High Point Surplus Co. v. Pleasants, 264 N.C. at 656, 142 S.E.2d at 702. Therefore, if the General Assembly should undertake to address employment discrimination by means of a state statute, Article II, Section 24 requires that it enact either a statewide law applicable to employers and their employees regardless of where they reside within the state or a general law that makes reasonable classifications based upon rational differences of circumstances. That process was not followed here. Upholding the particularized laws in this case could lead to a balkanization of the state's employment discrimination laws, creating a patchwork of standards varying from county to county. The end result would be the “conglomeration of innumerable discordant communities” that Article II, Section 24 was enacted to avoid. 233 N.C. at 732, 65 S.E.2d at 315.
Having determined that the enabling legislation and the Ordinance are local laws, we next must consider whether they regulate labor or trade. Previously, this Court has adopted the definition of to “regulate” as “ ‘to govern or direct according to rule; ․ to bring under the control of law or constituted authority.’ ” State v. Gulledge, 208 N.C. 204, 208, 179 S.E. 883, 886 (1935) (quoting Webster's New International Dictionary 2099 (2d ed. 1935)), quoted in Cheape v. Town of Chapel Hill, 320 N.C. 549, 559, 359 S.E.2d 792, 798 (1987). “Labor” has been defined as “compensated employment,” State v. Chestnutt, 241 N.C. 401, 403, 85 S.E.2d 297, 299 (1955), and “trade” has been defined as “a business venture for profit and includes any employment or business embarked in for gain or profit,” High Point Surplus Co. v. Pleasants, 264 N.C. at 655-56, 142 S.E.2d at 702. After reviewing the record, we believe the enabling legislation and the Ordinance regulate labor in Orange County.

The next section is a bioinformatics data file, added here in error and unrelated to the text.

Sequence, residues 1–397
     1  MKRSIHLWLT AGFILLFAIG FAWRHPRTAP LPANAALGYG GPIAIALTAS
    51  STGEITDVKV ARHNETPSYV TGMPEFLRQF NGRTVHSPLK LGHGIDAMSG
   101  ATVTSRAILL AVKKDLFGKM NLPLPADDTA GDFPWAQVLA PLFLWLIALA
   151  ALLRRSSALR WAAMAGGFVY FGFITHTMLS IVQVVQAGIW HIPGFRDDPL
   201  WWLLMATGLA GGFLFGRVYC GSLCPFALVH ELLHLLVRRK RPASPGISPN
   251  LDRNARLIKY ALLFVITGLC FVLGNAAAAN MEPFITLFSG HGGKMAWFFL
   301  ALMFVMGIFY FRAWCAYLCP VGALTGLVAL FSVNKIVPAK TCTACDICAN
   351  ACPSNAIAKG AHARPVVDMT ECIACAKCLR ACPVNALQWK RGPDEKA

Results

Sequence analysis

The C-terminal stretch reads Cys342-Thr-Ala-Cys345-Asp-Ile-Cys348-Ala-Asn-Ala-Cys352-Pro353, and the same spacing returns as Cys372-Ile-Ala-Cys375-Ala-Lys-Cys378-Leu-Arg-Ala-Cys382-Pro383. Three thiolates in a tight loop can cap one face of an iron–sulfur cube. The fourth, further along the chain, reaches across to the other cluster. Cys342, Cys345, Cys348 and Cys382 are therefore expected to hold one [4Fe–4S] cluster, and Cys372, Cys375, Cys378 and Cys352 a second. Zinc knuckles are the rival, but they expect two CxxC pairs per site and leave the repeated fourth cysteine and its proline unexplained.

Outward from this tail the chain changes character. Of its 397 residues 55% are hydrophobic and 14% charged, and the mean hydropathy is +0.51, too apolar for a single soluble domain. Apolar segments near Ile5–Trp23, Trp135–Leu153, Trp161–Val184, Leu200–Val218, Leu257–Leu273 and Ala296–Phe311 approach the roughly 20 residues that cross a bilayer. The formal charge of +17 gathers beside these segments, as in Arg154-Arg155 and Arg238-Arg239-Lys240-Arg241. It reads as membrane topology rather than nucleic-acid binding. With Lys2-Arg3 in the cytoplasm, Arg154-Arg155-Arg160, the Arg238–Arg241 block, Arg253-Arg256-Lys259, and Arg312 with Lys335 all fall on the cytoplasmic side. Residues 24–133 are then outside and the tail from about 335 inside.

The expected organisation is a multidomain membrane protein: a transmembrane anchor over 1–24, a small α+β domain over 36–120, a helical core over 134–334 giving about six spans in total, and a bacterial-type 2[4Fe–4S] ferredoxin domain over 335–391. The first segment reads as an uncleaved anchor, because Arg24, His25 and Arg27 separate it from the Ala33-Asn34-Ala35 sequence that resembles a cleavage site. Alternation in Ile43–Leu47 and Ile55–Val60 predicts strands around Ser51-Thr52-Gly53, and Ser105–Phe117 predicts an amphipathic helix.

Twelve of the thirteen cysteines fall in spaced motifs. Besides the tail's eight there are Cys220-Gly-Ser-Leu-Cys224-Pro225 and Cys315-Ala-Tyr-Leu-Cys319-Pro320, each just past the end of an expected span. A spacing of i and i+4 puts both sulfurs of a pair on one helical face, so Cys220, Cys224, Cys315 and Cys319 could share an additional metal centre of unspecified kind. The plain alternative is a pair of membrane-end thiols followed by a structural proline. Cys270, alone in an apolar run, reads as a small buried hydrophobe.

As noted above, counterclaim defendants contend that the acts seek only to regulate discrimination, not labor or trade. However, the record demonstrates that while the intent of the enabling legislation and the Ordinance is to prohibit discrimination in the workplace, the effect of these enactments is to govern the labor practices of “person[s] engaged in an industry affecting commerce who has 15 or more employees” in Orange County. Numerous aspects of the employer/employee relationship fall within the ambit of the Ordinance, from hiring through resignation, retirement, or termination. The Ordinance requires covered employers to conduct their internal practices pursuant to the requirements of the Ordinance or face the possibility of civil suit by either an employee or the HRC. By seeking to curb unlawful discrimination by regulating covered employers, the enabling legislation and the Ordinance have the practical effect of regulating labor, as forbidden by Article II, Section 24.